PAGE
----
James Johnson

10/17/2019

When a piercing abdominal pain doubled over James Johnson in November 2018, the 50-year-old Centennial resident headed to the emergency department at Sky Ridge Medical Center. There, tests showed that an intestinal tear was allowing bodily waste to seep into his bloodstream. As a result, Johnson had developed sepsis, a condition that occurs when infection overwhelms the body's immune system. Sepsis is the third leading cause of death in the U.S., which makes fast diagnosis and treatment critical.

When Johnson woke from emergency surgery he learned the underlying cause of his problems: stage 3 colorectal cancer. Colorectal Surgeon Dr. Kenneth Blake had removed about a foot of the cancerous colon along with affected lymph nodes. Before Johnson could start chemotherapy to rid his body of lingering cancer cells, a team led by Infectious Disease Specialist Dr. Sandhya Ayyar had to treat his septic condition. Johnson remained hospitalized for two weeks while he received high doses of intravenous (IV) antibiotics. Once discharged, he returned to Sky Ridge Infusion Services for daily antibiotic infusions until the infection was gone two months later.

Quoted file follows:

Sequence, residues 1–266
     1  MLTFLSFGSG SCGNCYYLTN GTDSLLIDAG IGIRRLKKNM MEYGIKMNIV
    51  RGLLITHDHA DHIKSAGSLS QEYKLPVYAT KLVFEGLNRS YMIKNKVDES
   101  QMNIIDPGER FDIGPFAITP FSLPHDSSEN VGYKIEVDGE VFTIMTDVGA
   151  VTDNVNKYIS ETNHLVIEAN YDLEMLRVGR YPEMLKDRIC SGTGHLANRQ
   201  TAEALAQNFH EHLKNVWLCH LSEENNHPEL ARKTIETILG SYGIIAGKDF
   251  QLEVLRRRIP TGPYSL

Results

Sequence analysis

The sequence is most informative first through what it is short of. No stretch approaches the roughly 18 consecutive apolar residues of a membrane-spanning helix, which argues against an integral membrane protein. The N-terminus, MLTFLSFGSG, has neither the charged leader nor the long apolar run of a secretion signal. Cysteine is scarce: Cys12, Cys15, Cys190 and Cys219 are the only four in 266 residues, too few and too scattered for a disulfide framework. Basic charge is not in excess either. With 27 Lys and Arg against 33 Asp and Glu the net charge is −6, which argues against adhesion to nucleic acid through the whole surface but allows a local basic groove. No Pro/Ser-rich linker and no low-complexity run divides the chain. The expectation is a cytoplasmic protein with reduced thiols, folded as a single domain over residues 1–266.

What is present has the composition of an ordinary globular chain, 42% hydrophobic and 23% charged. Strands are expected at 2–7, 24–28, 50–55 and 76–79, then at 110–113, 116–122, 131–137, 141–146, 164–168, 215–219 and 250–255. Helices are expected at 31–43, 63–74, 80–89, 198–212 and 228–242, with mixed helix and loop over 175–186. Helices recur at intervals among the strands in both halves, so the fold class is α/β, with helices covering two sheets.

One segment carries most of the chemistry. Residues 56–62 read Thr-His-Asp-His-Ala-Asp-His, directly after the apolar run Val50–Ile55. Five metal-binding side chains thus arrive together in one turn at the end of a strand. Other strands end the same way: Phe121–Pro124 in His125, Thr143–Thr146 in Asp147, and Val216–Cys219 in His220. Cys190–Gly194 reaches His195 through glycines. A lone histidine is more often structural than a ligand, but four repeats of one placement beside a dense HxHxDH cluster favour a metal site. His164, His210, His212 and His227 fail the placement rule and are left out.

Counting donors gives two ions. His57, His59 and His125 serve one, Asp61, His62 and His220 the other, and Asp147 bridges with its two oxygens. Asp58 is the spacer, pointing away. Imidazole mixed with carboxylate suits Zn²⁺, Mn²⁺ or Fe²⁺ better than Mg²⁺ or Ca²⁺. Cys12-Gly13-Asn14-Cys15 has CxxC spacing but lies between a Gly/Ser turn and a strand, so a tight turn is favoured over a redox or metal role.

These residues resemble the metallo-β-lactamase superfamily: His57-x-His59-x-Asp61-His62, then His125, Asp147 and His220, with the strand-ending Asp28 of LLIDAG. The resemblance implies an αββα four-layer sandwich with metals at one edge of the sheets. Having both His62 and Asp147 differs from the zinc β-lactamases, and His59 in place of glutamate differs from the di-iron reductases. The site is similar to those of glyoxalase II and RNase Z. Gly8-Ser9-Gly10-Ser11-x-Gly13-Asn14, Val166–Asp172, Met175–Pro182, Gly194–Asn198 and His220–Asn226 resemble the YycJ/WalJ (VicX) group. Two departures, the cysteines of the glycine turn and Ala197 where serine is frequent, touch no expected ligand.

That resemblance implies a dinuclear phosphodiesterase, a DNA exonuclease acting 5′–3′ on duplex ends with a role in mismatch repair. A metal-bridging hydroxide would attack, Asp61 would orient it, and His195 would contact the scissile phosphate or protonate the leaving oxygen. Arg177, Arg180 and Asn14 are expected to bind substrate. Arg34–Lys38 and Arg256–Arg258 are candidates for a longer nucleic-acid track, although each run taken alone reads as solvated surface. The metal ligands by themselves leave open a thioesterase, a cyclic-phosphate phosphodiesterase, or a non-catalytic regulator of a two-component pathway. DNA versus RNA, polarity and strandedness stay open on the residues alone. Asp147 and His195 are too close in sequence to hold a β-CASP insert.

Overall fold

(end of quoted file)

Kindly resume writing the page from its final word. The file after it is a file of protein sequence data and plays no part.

During this time, Johnson was re-admitted to the hospital for treatment of a dangerous blood clot called deep vein thrombosis (DVT). People with cancer -- and people who are laid up in bed for a prolonged time -- have an increased risk of DVT. If the clot travels to the lungs, it can cause a potentially fatal pulmonary embolism. Even though Johnson began taking blood-thinning medications (called anticoagulants) to prevent this possibility, he was hospitalized once for a pulmonary embolism.

Soon after Johnson started chemotherapy under the care of Medical Oncologist Dr. Robert Jotte, he developed kidney stones. Hospitalized again, Urologist Dr. Nancy Huff performed a laser procedure to break up the stones. After Johnson concluded his first six chemotherapy treatments, he underwent a procedure to get rid of the ostomy bag that had been collecting waste since his first surgery. In July, Johnson resumed chemotherapy and finished in September. He continues to go to Infusion Services for antibiotics and fluid hydration as needed.

Johnson credits Nurse Navigator Angela Powers with helping him maneuver all of the medical tests, procedures and related bills. "She helps schedule appointments, ensures I know what's going on, manages communication among all of my doctors and knows exactly how to help when I encounter any problems," says Johnson, who asserts that all of his care at Sky Ridge has been top-notch. "I tell everyone to go to Sky Ridge for colon cancer screening and any other care that's needed," he says. "The medical teams are compassionate, professional and they go out of their way to make sure you understand, and are comfortable with, each step of your care plan."